Mesh networking points are often small and unobtrusive, but a new play on the category means you can use something more like a proper router and expand it later on.
WiFi at home may struggle, but it can always get better. While you might be hoping for more performance out of the wireless router that came with your internet connection, you can usually look to other routers to fix a problematic wireless networking situation.
One solution that can help with wireless issues is that of mesh networking, a concept that essentially creates an expandable mesh of wireless range inside of a home, almost like a Venn diagram of network activity. It’s a technology that has been used for sound equipment in the past for products from Sonos, and in the past few years, network product makers have been using it for the home and business, too.
Mesh networking essentially provides an expandable take on wireless networking, because you can set up mesh network points to create your network and then expand it later quite easily.
However if you’re after a mesh network that starts small and yet offers a large amount of power, and yet still offers the high-end performance of a standard wireless router, you may not be in as much luck. Mesh networking points are invariably small and made to work in a specific system, while standard wireless routers can be large with numerous antennas to deliver a push on power.
D-Link seems to have found a compromise this week, providing a focused play on the middle ground, offering a range of WiFi routers that look like a conventional wireless router, but are expandable thanks to mesh networking technology. They’re part of D-Link’s Exo Smart Mesh range, distinct from its Covr mesh range which are the relatively small and unobtrusive variety.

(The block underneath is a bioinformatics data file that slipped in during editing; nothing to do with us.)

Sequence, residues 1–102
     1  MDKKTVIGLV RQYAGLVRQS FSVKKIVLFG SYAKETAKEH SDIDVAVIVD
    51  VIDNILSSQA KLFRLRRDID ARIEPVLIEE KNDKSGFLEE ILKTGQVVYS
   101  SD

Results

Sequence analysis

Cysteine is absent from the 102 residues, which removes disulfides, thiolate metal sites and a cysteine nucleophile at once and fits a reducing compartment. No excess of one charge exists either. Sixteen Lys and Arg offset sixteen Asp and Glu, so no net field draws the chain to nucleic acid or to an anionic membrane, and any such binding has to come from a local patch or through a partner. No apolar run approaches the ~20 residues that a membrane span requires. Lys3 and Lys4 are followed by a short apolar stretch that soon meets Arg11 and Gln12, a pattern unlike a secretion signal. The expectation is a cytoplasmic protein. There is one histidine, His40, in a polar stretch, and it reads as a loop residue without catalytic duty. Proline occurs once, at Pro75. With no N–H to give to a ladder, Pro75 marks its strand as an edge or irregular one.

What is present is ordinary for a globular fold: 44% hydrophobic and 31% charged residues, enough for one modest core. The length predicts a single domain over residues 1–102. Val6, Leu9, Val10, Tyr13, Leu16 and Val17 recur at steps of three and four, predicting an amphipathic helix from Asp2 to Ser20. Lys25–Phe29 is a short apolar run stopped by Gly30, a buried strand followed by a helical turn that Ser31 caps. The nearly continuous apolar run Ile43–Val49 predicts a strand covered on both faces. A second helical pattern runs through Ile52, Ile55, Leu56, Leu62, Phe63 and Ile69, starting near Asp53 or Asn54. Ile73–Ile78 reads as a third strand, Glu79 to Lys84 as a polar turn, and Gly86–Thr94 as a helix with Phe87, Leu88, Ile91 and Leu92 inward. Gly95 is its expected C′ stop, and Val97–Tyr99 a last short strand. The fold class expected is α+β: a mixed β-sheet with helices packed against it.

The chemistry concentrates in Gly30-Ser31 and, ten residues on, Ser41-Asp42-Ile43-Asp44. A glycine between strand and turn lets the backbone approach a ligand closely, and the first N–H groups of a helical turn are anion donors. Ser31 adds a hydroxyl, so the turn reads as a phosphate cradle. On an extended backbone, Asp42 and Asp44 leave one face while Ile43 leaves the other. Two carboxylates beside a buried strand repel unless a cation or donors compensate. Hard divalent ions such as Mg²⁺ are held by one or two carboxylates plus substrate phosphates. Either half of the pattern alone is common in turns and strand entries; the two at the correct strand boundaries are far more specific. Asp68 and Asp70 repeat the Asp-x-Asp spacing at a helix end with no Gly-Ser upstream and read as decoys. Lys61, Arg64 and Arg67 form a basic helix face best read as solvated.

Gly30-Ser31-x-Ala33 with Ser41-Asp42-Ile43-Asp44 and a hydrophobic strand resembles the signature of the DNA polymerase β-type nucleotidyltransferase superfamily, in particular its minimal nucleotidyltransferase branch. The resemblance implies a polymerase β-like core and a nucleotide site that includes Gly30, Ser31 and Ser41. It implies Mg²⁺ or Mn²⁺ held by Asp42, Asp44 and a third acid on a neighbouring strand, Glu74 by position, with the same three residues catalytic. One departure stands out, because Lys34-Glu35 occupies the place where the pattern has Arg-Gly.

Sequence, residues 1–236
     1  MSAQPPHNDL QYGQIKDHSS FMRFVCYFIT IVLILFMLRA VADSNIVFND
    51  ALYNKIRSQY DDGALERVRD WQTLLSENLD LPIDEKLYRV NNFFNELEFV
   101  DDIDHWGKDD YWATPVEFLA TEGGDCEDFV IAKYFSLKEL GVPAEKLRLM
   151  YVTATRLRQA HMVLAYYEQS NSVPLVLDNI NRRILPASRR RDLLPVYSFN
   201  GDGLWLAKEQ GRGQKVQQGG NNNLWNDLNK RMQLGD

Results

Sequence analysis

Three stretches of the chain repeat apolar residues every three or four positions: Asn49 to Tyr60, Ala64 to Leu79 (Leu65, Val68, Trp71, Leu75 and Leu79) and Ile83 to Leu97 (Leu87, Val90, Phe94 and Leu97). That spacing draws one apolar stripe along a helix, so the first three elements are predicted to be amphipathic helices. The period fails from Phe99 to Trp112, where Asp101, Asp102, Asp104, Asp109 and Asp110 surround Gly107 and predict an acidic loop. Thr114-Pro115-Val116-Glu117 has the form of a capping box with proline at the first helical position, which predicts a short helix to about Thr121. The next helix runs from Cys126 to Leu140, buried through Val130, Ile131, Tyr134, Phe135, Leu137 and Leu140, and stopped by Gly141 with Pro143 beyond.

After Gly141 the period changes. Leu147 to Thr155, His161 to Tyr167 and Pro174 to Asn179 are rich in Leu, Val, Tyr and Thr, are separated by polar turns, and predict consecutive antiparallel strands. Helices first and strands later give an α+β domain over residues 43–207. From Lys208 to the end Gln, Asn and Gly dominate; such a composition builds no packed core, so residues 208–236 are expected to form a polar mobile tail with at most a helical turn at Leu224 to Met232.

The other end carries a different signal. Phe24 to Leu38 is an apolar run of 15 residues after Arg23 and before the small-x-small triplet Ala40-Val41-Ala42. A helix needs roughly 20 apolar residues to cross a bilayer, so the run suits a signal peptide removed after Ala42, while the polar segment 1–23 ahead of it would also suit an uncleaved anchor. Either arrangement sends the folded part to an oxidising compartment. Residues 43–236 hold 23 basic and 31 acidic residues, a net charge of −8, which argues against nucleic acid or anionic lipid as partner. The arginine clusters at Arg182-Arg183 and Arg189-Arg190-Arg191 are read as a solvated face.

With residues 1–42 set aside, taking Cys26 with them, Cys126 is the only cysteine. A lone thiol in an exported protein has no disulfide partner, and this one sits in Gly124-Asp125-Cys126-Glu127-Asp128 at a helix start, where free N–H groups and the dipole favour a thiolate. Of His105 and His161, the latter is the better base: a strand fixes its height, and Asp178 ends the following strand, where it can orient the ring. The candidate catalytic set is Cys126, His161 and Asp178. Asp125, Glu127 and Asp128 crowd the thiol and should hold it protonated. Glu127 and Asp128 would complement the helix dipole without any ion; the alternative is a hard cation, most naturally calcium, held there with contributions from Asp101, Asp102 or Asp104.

In the D-Link Exo Smart Mesh, there are three WiFi routers with large antennas and 802.11ac Wave 2 technology, able to offer high speeds and work with one of D0Link’s WiFi Mesh Extenders to keep the mesh going around the home.
Each of these routers forms the base to an internet connection, and looks to provide a fast connection as well as support for McAfee’s Secure Home Platform, providing five years of home security for devices connecting through it, as well as a two year subscription to McAfee’s LiveSafe security software to be installed on an unlimited number of computers, phones, and tablets inside the home. That essentially means the D-Link Exo Mesh gear can protect you at home and about, while also providing parental controls on the routers, as well, something that launched on another D-Link router earlier in the year.
“Our new Exo Smart Mesh Wi-Fi Routers provide unparalleled parental controls and enhanced cyber security for the home network and thus give users Internet access that is as safe, secure, fast and reliable whether they are home or out,” said Graeme Reardon, Managing Director of D-Link in Australia.
Picking between one essentially comes down to how what speed and how many devices you may have using the network. There’s the Exo DIR-3060 which is an AC3000 WiFi router offering up to 3000Mbps of performance, the Exo DIR-1960 with up to 1900Mbps in an AC1900 connection, and the Exo DIR-1760 with a slightly different 1750Mbps of connection thanks to AC1750. The bigger the AC number, the more bandwidth and speed you have on offer, but also the more pricey it can get.
As such, the 1750Mbps DIR-1760 will be found for $229.95, the 1900Mbps DIR-1960 sees a price of $279.95, while the 3000Mbps DIR-3060 will cost $399.95. The range extended used to turn each of these into a true mesh network — because it’s not one until it has one — is the DAP-1820, and it sits at around $229.95.
Before you throw in the Mesh Extender, D-Link’s Exo Mesh Network products won’t be working in a mesh configuration, but are designed to expand to support one, potentially making them a readily expandable mesh network.
We’re checking to find out whether they’re at all compatible with D-Link’s other mesh networking technology, Covr, but our initial guess is no. However if you’re refreshing a network and aren’t sure whether mesh is needed just yet, this could be an ideal starting point, providing the power needed in the beginning, with support to expand it later on.
You’ll find the D-Link Exo Smart Mesh WiFi routers in stores shortly across stores in Australia.